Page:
Linking Learning and SEL: Make Connections to Make Meaning

Linking Learning and SEL: Make Connections to Make Meaning

This week, we lost one of our heroes, Sir Ken Robinson. He believed, “the purpose of education is to help young people understand the world around them and engage in the world within them” and that instruction in our schools must enable students to develop the competencies to achieve these goals. The current world around us is hard for children to understand right now, many are experiencing trauma, and these goals have become even more important. 

Let’s Link Learning

Yet, often related professional learning (e.g., SEL or social justice) is presented and applied in silos–a practice we discourage in our classrooms. As we begin a new year like none other, to support teachers in support of their learners, professional learning should

  • Make connections to previous years’ professional learning and build on teachers’ prior knowledge, and current strengths, skills, and needs 
  • Build coherence across the various professional learning focus areas in the district and school and the vision for teaching and learning (Fullan, 2015)
  • Result in the integration of academic and social and emotional learning

We can not further overwhelm teachers adding to their already long lists of challenges this year. We have to help the content expert who was not formally trained in trauma-informed priorities or SEL see that her current teaching practices are directly supporting SEL (or how they may be directly hindering)…or the teacher who teaches isolated SEL lessons in September how to utilize content, tasks, curriculum, text, and even standards in every unit all year to build SEL competencies. Mike Anderson in the aptly named, Social-Emotional Learning and Academics: Better Together, says (gasp), “The Common Core State Standards give us a golden opportunity to teach social-emotional skills and academic skills together. (See CT’s K-3 Standards aligned to CCSS)

Because we should not separate academic learning from social emotional learning. Our very human nature is to seek coherence, and our brains remain hardwired to identify interconnections in order to establish meaning.

“Major domains of human development—social, emotional, cognitive, linguistic, academic—are deeply intertwined in the brain and in behavior, and all are central to learning…Social, emotional, and cognitive capabilities are fundamentally intertwined—they are interdependent in their development, experience, and use ” (Aspen Institute, 2017).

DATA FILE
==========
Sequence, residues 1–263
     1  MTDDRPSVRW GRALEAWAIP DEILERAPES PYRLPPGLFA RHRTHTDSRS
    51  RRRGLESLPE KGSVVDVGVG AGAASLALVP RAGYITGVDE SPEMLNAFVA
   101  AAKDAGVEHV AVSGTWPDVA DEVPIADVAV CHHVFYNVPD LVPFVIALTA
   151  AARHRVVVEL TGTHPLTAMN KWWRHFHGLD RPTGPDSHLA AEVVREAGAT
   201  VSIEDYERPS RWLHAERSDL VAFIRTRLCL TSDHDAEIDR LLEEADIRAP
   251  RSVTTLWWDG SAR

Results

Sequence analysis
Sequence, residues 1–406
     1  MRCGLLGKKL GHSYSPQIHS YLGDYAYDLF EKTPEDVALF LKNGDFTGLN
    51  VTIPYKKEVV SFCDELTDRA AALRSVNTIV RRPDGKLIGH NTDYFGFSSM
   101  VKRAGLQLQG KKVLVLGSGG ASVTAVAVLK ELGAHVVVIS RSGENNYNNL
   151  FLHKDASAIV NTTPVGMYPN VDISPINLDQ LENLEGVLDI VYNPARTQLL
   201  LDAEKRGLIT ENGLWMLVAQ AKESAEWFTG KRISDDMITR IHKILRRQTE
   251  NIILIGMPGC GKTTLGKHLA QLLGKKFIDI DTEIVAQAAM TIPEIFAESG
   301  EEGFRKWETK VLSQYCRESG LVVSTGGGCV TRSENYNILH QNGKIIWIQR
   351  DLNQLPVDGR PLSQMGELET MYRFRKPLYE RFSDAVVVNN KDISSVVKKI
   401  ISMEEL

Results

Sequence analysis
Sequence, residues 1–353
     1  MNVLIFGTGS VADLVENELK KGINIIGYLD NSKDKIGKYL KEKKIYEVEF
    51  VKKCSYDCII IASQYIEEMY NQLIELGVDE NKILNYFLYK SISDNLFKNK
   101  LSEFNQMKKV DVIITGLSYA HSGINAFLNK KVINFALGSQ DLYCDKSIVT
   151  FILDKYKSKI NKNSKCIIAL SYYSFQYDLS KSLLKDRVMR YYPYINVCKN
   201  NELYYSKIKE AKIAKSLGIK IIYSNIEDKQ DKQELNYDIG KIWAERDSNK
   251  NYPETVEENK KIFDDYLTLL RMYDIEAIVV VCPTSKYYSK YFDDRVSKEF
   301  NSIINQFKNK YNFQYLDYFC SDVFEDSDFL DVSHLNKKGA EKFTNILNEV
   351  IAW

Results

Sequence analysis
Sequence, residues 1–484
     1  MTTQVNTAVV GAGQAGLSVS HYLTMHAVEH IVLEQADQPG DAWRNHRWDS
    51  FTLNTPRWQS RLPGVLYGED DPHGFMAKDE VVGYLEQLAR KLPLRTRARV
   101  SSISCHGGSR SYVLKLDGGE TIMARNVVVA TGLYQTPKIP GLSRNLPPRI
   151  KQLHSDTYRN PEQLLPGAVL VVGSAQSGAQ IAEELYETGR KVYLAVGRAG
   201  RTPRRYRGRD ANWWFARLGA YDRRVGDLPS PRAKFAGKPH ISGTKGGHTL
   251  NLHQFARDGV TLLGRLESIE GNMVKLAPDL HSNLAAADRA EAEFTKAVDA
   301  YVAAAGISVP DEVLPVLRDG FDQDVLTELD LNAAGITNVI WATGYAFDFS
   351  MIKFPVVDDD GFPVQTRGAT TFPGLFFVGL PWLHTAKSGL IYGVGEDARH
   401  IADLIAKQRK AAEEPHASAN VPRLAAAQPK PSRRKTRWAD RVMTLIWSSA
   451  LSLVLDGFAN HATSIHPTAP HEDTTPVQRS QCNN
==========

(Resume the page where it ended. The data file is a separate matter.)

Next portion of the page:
We have the opportunity to not only integrate SEL into daily practice and academic learning, but to focus on what Dena Simmons calls Fearless SEL

“SEL skills can help us build communities that foster courageous conversations across differences so that our students can confront injustice, hate, and inequity” (2019).

and what CASEL calls Transformative SEL:

“A process whereby young people and adults build strong, respectful, and lasting relationships that facilitate co-learning to critically examine root causes of inequity, and to develop collaborative solutions that lead to personal, community and societal well-being” (2020).

Let’s Make Connections

But teachers need professional learning and feedback now more than ever to better understand and act on this. We must help teachers see connections amongst research, short-term priorities and long term goals for learners, existing practices, previous professional learning, and expectations on the district framework.  

“To bridge the connection between social-emotional learning and the work that educators are already doing, educators need access to tools, supports, and resources on social-emotional learning that are integrated into existing teacher evaluation and professional development systems” (Yoder, 2014).

Ask yourselves:

  • What knowledge do I/we need to secure?
  • What skills will I/we need to be able to demonstrate?
  • What dispositions will I/we need to possess and teach?
  • What are the best tools to get me there? How can I leverage our framework for growth and support?

The state of CT has offered the flexibility to waive teacher evaluation ratings this coming year, allowing an instructional framework to serve solely as a tool for growth, self-reflection, and common understanding. 

Consider expectations for teaching and learning from the CT framework (CSDE Domain 1, 2017) and Figure 2 below that shows potential connections and alignment you could identify: 

Figure 2: Making Connections 

SELCulturally Responsive Pedagogy/
Equity
Trauma4 Stages
Competencies:
self-awareness,
self-management, social awareness, relationship skills, & responsible decision making